News this week confirmed that RBS is being sued in a class action by a number of small firms and their shareholders. They claim they were the alleged victims of unlawful actions by GRG. Is this yet another banking scandal where short termism, distorted ethical values and disregard of customer service has come back to haunt?
GRG was well regarded in years past. However if the allegations are true, it appears that over time bad practice within the bank and cronyism between banks and advisers crept in. Short term gains and fee income took precedence over longer term customer service and value preservation. That’s when the problems began to surface, the alleged abuses became newsworthy and the Government began to act.
At BM&T we have long felt that the bank model of using panel firms who are also Insolvency Practitioners to advise distressed businesses is wrong. It is a manifest conflict of interest and the advisers lack independence and objectivity if working for two masters. If that is coupled with the culture of a profit centre in the bank and large incentives to the staff then it is not surprising that dubious behaviour results. Let’s face it we have seen in so many areas of banking how large incentives result in bad behaviour.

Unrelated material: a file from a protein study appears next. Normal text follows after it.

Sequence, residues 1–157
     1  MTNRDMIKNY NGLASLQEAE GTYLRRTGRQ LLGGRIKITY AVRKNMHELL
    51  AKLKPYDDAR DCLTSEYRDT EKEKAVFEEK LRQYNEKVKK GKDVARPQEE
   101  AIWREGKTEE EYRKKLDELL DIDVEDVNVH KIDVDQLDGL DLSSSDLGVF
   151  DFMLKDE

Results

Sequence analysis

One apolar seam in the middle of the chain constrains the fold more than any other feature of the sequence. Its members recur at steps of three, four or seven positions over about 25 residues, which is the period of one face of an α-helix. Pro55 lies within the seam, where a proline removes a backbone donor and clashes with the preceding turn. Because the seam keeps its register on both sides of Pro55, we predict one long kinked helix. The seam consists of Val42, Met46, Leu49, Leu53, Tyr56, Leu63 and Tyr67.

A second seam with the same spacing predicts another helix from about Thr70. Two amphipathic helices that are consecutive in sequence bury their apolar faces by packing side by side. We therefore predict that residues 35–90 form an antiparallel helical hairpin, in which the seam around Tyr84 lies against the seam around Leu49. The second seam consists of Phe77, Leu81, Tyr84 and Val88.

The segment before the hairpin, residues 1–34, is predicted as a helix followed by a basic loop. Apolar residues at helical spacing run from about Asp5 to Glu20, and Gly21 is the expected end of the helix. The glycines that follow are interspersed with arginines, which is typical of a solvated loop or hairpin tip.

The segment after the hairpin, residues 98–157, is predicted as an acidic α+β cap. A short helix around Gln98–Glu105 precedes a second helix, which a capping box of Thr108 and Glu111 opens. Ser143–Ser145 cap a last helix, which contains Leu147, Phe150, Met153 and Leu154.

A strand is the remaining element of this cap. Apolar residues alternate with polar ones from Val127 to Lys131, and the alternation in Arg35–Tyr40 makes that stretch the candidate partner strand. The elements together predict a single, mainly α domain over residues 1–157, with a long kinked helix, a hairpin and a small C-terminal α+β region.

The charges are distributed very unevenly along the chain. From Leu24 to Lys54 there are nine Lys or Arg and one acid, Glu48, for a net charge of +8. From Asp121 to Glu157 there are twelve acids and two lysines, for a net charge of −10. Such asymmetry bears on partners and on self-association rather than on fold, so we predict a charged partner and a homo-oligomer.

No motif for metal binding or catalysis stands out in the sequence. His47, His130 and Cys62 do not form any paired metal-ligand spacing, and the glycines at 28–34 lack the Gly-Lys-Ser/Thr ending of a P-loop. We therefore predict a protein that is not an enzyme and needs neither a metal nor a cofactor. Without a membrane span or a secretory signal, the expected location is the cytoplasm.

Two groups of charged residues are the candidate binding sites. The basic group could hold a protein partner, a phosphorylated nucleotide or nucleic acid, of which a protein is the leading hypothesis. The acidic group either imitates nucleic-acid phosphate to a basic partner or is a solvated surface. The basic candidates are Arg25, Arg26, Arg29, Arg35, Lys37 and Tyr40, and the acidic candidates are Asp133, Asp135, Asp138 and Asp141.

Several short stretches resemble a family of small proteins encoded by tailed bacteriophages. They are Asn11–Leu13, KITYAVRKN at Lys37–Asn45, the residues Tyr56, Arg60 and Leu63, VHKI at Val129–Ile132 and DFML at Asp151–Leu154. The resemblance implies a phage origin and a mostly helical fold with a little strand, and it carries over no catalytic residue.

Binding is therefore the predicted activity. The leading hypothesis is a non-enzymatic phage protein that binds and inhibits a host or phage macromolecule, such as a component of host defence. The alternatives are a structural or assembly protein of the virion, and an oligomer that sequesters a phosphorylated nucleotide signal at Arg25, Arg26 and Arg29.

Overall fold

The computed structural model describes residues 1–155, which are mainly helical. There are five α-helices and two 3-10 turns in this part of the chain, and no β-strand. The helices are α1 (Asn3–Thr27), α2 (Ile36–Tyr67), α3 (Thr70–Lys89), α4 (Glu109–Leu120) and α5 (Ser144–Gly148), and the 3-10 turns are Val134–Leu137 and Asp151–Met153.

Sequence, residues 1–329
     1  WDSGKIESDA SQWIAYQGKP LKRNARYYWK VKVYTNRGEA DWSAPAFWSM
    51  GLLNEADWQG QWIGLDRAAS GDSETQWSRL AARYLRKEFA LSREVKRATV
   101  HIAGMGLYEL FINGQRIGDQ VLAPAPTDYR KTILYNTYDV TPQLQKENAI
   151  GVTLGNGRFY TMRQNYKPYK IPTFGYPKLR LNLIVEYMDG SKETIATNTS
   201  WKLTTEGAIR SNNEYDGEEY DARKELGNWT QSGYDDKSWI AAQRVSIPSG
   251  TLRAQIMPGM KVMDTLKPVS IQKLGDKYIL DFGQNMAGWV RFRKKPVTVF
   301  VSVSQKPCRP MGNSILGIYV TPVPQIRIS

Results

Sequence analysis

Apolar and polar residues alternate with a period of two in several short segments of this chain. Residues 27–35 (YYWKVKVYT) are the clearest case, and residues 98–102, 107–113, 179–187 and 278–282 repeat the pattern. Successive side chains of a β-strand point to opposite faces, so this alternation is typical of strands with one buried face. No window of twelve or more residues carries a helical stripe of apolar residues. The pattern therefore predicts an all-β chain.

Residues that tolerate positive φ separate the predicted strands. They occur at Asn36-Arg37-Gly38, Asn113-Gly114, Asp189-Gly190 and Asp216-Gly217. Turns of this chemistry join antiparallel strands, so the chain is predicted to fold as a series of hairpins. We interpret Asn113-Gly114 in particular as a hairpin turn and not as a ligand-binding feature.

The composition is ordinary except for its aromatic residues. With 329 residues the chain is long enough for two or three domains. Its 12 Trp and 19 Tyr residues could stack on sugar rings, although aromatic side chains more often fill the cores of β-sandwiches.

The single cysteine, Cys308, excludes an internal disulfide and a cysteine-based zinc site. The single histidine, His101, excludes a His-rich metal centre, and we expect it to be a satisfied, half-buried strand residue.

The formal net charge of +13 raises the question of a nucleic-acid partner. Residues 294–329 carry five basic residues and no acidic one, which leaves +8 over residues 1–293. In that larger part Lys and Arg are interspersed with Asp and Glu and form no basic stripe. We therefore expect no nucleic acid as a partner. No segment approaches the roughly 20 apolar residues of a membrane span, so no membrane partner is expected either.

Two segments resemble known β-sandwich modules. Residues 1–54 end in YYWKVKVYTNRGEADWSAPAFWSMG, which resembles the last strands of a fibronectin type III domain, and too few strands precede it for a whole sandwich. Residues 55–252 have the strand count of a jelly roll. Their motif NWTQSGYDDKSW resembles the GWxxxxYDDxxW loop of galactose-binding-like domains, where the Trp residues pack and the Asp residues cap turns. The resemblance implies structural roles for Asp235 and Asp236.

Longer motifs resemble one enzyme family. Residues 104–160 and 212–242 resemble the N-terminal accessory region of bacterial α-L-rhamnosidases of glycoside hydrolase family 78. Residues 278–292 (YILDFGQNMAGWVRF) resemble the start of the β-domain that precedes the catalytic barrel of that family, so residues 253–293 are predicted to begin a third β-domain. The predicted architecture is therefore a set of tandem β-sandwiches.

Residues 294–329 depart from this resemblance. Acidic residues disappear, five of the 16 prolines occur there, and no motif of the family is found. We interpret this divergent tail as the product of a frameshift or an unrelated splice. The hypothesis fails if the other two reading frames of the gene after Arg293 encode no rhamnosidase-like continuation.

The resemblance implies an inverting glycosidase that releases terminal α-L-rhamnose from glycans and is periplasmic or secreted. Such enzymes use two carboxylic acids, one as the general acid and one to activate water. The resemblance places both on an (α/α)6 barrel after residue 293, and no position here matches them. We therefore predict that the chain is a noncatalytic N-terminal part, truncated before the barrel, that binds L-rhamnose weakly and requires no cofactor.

And yet the banks still cosy up to the insolvency profession who act as both “doctors and undertakers”. This onion is also being peeled and evidence emerging of instances where companies have been put into insolvency when they may have been saved by consensual restructuring and more value saved for all stakeholders. But a cynic may ask, “Where are the fees in that”?
Notwithstanding all the scandals and potential new ones, the banking industry clings to the idea that large bonuses are essential despite their link to dubious behaviour. On the other side of the coin the government and regulators impose ever more onerous regulation that is ultimately stifling the whole banking industry. It seems to us that the answer is obvious. Impose a need for greater independence, take away the unnecessarily large carrots and you won’t need such a big stick!
We await the Financial Conduct Authority’s report with interest.
David Bryan – Principal, BM&T
16th September 2014